Invited Talk: Introduction to Electromigration-Aware Physical Design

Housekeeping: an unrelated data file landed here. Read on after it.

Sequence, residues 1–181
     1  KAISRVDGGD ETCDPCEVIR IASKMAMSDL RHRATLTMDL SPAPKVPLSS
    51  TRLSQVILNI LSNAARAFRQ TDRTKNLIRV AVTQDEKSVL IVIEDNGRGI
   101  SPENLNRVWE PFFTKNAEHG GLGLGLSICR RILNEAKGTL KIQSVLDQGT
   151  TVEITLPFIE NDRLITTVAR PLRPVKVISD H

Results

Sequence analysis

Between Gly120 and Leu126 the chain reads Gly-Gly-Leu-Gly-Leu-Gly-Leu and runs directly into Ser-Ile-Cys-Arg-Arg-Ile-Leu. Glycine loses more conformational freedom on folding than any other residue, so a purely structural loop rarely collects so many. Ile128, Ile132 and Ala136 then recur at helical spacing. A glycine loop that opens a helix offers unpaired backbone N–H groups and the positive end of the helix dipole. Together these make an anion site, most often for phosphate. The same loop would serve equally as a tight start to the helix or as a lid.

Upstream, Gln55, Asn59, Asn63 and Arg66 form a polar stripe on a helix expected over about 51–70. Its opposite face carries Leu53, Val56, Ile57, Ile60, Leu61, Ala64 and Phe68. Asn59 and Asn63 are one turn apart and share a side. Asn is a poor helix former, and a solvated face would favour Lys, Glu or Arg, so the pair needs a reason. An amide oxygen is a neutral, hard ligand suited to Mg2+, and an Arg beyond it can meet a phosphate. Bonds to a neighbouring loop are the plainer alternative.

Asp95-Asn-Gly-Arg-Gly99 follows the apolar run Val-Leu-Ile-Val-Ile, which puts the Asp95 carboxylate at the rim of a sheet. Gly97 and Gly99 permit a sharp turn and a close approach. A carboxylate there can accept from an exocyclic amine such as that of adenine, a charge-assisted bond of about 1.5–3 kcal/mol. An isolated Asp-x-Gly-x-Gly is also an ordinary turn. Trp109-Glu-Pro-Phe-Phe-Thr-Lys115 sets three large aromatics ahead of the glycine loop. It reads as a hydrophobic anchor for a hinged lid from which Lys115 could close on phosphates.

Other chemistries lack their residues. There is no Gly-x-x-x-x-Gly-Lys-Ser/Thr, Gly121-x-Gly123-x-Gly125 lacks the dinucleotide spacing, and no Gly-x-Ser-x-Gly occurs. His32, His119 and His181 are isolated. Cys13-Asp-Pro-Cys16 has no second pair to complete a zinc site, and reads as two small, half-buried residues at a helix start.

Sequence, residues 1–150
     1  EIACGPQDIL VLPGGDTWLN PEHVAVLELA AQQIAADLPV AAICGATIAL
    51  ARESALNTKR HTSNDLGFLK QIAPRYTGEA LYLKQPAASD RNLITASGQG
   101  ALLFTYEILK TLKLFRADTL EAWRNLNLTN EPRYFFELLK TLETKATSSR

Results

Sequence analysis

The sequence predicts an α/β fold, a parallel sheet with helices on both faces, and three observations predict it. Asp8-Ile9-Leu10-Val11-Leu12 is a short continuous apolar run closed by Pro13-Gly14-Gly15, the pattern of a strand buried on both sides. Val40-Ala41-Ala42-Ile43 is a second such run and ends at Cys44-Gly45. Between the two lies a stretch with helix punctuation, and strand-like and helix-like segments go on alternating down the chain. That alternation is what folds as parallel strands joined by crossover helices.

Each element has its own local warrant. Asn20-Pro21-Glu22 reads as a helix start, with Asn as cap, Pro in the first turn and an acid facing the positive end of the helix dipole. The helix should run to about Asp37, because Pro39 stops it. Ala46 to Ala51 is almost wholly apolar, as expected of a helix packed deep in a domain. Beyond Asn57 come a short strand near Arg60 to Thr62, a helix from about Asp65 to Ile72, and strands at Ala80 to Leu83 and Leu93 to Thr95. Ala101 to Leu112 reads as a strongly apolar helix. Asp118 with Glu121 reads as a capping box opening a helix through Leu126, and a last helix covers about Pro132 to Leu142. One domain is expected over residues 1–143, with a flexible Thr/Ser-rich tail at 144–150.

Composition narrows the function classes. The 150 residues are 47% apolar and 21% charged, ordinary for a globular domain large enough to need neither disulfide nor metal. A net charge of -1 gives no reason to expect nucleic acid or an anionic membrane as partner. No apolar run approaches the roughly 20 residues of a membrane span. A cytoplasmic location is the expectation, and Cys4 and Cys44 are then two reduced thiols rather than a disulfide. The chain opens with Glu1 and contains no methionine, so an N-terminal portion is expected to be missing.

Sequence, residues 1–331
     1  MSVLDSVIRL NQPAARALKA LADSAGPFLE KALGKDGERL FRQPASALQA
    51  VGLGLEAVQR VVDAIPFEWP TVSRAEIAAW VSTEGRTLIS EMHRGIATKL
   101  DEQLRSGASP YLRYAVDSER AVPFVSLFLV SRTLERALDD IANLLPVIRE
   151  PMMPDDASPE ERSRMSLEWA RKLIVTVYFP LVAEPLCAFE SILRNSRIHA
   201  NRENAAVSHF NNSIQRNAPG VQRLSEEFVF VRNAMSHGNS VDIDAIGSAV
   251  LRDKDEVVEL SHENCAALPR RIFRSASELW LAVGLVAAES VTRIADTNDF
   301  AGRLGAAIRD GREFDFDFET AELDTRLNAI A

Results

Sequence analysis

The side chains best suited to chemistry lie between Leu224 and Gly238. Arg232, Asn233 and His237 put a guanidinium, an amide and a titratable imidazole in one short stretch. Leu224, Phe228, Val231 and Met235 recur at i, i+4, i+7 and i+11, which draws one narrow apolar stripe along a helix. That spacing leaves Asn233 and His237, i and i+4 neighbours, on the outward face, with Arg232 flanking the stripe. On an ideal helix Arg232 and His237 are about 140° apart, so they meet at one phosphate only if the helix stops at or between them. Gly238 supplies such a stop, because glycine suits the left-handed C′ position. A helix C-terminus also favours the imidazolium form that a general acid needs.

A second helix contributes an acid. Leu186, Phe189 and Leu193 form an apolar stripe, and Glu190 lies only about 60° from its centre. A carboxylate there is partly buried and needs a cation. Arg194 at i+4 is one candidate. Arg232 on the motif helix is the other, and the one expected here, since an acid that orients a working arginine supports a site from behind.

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1 Invited Talk: Introduction to ElectromigrationAware Physical Design Jens Lienig 1st Author Dresden University 2nd Author of Technology 3rd Author 1st author's affiliation Institute of Electromechanical 2nd author's and affiliation Electronic Design (IFTE) 3rd author's affiliation 1st line of address 2nd line of address Telephone number, incl. country code 1st author's address st line Dresden, of address Germany 2nd line of address Telephone number, incl. country codel 1st line of address 2nd line of address number, incl. country cod ABSTRACT Electromigration is increasingly relevant to the physical design of electronic circuits. It is caused by excessive current density stress in the interconnect. The ongoing reduction of circuit feature sizes has aggravated the problem over the last couple of years. It is therefore an important reliability issue to consider electromigrationrelated design parameters during physical design. In this talk, we give an introduction to the electromigration problem and its relationship to current density. We then present various physical design constraints that affect electromigration. Finally, we introduce components of an electromigrationaware physical design flow. Categories and Subject Descriptors B7.2[Integrated Circuits]: Design Aids General Terms Algorithms, Design, Verification. Keywords Electromigration, current density, physical design, layout, interconnect, interconnect reliability diffusion due to concentration gradients, (2) material migration caused by temperature gradients, (3) material migration caused by mechanical stress, and (4) material migration caused by an electrical field. This last case is often referred to as electromigration, which is the subject of this talk. The copper or aluminum interconnects of an electronic circuit are polycrystalline, that is, they consist of grains containing crystal lattices of identical construction but different orientation. As current flows through such a wire, there is interaction between the moving electrons a sort of electron wind and the metal ions in these lattice structures. Atoms at the grain boundaries especially will fall victim to the electron wind, that is, they will be forced to move in the direction of the flow of electrons. Thus, in time, copper or aluminum atoms will accumulate at individual grain boundaries, forming socalled hillocks in the direction of the current. At the same time, socalled voids can appear at the grain boundaries (Figure 1). While the hillocks can shortconnect adjacent interconnects, the voids reduce the current flow in particular locations until the point of interconnect failure. Voids 1. INTRODUCTION The reliability of an electronic system is a central concern for developers. This concern is addressed by a variety of design measures, for example the choice of materials that are suitable for the intended applications. As the structural dimensions of electronic interconnects become eversmaller, new factors come to bear, which reduce reliability and which previously were negligible. In particular, there are material migration processes in electrical wires, which cannot be ignored anymore during the development of electronic circuits. Material migration is a general term for various forced material transport processes in solid bodies. These include (1) chemical This is a minor revision of the work published in the proceedings of SLIP'05, pp. 8188, Permission to make digital or hard copies of all or part of this work for personal or classroom use is granted without fee provided that copies are not made or distributed for profit or commercial advantage and that copies bear this notice and the full citation on the first page. To copy otherwise, or republish, to post on servers or to redistribute to lists, requires prior specific permission and/or a fee. ISPD 06, April 9 12, 2006, San Jose, CA, USA, pp Copyright 2006 ACM /06/0004 $5.00. Hillocks Figure 1. Hillock and void formations in wires due to electromigration (Photo courtesy of G. H. Bernstein und R. Frankovic, University of Notre Dame) Many electronic interconnects, for example in integrated circuits, have an intended MTTF (mean time to failure) of at least 10 years. The failure of a single interconnect caused by electromigration can result in the failure of the entire circuit. At the end of the 1960s the physicist J. R. Black developed an empirical model to estimate the MTTF of a wire, taking electromigration into consideration [1]: A Ea MTTF = exp n J k T Grain Boundaries (1)